9. The method of production of the peeling layer paste as set forth in claim 4, making the content of the binder in said primary slurry 7 parts or less by weight with respect to 100 parts by weight of said ceramic powder.

10. A method of production of a multilayer type electronic device having: a step of forming on a surface of a first support sheet a peeling layer of 0.2 μm or less, a step of forming an electrode layer on the surface of said peeling layer in a predetermined pattern, a step of forming a green sheet on the surface of said electrode layer to obtain a green sheet having an electrode layer, a step of stacking green sheets having said electrode layers to form a green chip, and a step of firing said green chip, wherein the peeling layer paste used for forming said peeling layer is the peeling layer paste produced by the methods as set forth in claim 2.

11. A method of production of a multilayer type electronic device having: a step of forming on a surface of a first support sheet a peeling layer of 0.2 μm or less, a step of forming an electrode layer on the surface of said peeling layer in a predetermined pattern, a step of forming a green sheet on the surface of said electrode layer to obtain a green sheet having an electrode layer, a step of stacking green sheets having said electrode layers to form a green chip, and a step of firing said green chip, wherein the peeling layer paste used for forming said peeling layer is the peeling layer paste produced by the methods as set forth in claim 3.

12. A method of production of a multilayer type electronic device having: a step of forming on a surface of a first support sheet a peeling layer of 0.2 μm or less, a step of forming an electrode layer on the surface of said peeling layer in a predetermined pattern, a step of forming a green sheet on the surface of said electrode layer to obtain a green sheet having an electrode layer, a step of stacking green sheets having said electrode layers to form a green chip, and a step of firing said green chip, wherein the peeling layer paste used for forming said peeling layer is the peeling layer paste produced by the methods as set forth in claim 4.

Description:

BACKGROUND OF THE INVENTION

1. Field of the Invention

The present invention relates to a method of production of peeling layer paste used for production of a multilayer ceramic capacitor or other multilayer electronic device and a method of production of a multilayer type electronic device using the peeling layer paste.

2. Description of the Related Art

In recent years, due to the increasingly smaller sizes of electronic apparatuses, multilayer ceramic capacitors and other multilayer electronic devices have become increasingly compact in size and sophisticated in performance. The thicknesses of the interlayer dielectric layers of multilayer electronic devices (dielectric layers sandwiched between pairs of internal electrodes) have become 1 μm or less—enabling over 800 stacked layers. In the process of production of such electronic devices, the thicknesses of the green sheets able to form the dielectric layers after firing have become extremely thin (usually 1.5 μm or less), so at the time of formation of the electrode layers by the printing method, the solvent of the electrode layer paste causes the green sheets to dissolve, that is, the so-called “sheet attack” phenomenon becomes a problem. This sheet attack phenomenon leads directly to defects of the green sheets and short-circuit defects, so is a problem which absolutely must be solved for making the layers thinner.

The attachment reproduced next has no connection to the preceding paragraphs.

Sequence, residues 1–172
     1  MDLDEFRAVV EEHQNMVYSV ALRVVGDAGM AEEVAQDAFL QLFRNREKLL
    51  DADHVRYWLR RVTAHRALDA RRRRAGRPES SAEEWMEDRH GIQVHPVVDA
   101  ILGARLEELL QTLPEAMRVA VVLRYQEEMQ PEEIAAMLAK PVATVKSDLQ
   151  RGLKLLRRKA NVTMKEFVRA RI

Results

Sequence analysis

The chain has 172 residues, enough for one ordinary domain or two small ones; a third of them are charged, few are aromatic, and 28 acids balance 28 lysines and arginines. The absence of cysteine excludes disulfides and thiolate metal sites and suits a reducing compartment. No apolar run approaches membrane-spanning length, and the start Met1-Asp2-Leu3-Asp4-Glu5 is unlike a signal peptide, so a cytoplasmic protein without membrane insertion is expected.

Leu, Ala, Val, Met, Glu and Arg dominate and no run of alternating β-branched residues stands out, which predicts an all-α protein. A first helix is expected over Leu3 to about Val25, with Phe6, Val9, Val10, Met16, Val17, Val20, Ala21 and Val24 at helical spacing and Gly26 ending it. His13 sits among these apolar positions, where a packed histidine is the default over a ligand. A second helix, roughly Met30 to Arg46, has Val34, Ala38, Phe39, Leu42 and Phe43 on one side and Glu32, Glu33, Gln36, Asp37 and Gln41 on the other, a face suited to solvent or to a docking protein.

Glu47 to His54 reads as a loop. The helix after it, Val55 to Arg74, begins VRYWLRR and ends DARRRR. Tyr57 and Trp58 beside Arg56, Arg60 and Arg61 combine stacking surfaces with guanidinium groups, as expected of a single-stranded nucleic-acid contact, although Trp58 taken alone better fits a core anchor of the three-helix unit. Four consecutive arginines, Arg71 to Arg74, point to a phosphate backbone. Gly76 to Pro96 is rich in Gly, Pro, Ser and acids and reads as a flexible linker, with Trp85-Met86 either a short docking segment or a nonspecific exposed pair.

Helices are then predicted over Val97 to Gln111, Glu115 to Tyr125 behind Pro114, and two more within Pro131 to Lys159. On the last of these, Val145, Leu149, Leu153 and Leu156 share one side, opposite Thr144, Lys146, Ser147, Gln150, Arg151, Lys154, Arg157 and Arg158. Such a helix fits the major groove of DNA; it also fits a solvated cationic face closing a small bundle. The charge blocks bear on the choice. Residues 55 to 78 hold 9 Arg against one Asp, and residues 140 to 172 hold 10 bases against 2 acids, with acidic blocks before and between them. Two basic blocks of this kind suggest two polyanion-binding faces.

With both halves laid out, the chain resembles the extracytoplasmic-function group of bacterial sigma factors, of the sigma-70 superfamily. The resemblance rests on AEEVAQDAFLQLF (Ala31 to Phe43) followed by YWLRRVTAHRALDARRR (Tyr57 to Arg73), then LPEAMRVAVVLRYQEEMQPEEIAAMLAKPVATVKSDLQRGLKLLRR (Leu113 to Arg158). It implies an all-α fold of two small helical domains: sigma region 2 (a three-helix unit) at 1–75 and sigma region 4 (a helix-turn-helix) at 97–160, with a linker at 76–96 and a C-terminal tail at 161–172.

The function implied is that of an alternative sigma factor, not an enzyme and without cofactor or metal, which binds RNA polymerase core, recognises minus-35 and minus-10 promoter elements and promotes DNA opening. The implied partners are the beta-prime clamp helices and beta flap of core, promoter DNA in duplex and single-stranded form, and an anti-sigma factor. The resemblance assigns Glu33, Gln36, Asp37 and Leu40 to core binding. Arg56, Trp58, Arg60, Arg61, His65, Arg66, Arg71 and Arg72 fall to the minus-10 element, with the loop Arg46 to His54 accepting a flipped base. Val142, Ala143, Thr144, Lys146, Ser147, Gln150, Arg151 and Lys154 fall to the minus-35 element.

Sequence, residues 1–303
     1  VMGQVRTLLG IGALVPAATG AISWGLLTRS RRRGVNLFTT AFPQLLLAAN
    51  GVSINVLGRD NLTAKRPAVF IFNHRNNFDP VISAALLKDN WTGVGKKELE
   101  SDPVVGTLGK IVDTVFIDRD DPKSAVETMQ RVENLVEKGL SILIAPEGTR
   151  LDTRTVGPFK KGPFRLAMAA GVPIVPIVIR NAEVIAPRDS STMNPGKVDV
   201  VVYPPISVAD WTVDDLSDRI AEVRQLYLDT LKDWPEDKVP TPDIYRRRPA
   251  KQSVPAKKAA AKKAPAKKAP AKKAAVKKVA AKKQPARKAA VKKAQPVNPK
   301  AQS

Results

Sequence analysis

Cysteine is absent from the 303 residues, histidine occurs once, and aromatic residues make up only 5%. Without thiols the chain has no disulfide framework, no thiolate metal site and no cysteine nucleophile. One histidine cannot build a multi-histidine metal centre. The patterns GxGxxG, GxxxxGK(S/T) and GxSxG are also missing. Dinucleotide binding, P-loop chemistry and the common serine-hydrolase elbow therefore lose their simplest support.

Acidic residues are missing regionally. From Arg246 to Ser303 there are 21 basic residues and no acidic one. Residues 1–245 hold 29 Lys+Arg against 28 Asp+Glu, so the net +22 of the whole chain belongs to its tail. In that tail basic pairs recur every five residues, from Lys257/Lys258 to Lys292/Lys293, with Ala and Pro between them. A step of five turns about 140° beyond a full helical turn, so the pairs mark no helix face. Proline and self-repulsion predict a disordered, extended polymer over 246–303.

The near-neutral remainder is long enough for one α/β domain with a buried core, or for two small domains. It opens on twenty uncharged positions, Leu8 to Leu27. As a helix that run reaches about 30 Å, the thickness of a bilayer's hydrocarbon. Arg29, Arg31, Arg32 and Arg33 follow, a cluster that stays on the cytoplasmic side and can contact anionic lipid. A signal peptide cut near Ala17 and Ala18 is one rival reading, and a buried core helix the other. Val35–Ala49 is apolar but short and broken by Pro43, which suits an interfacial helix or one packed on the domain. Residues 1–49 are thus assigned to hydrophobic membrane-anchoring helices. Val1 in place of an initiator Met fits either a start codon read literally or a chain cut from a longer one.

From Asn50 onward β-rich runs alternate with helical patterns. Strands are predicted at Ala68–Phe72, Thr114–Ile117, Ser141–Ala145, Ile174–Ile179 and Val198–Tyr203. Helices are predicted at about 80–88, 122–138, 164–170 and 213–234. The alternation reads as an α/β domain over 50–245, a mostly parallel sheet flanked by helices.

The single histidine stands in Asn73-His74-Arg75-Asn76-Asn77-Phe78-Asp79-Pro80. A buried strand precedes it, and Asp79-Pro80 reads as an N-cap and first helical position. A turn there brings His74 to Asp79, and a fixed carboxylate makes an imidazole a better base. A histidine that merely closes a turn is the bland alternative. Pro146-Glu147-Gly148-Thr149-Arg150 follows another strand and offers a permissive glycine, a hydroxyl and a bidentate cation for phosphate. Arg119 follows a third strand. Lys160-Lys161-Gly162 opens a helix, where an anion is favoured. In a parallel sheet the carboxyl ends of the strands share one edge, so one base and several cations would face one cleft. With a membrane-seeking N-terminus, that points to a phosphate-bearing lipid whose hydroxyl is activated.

To eliminate this sheet attack, Japanese Patent Publication (A) No. 63-51616, Japanese Patent Publication (A) No. 3-250612, and Japanese Patent Publication (A) No. 7-312326 propose forming an electrode layer paste on a support film in a predetermined pattern, then drying it so as to separately prepare a dry electrode layer, then transferring this dry electrode layer to the surface of a green sheet or the surface of a laminate of green sheets so as to transfer the predetermined pattern of the electrode layer.

However, the technology of Japanese Patent Publication (A) No. 63-51616, Japanese Patent Publication (A) No. 3-250612, and Japanese Patent Publication (A) No. 7-312326 had the problem of a difficulty of peeling off the predetermined pattern of the electrode layer from the support film. Therefore, the inventors proposed technology for forming a peeling layer between a support film and a predetermined pattern of an electrode layer so as to improve the peelability of the electrode layer (see Japanese Patent Publication (A) No. 2003-197457).

However, generally, this type of peeling layer has to be formed extremely thin. Specifically, it is preferably formed to a thickness of 0.2 μm or less. This type of peeling layer is not provided for the purpose of functioning as a dielectric layer after firing and is only provided for the purpose of facilitating formation and peeling of the predetermined pattern of the electrode layer. When forming the peeling layer thick, the active thickness of the interlayer dielectric layer after firing ends up being reduced, so this is disadvantageous for raising the capacity. To make the peeling layer extremely thin, it is necessary to cause ceramic powder having a particle size smaller than the thickness of the peeling layer to homogeneously disperse in the paste for formation of the peeling layer.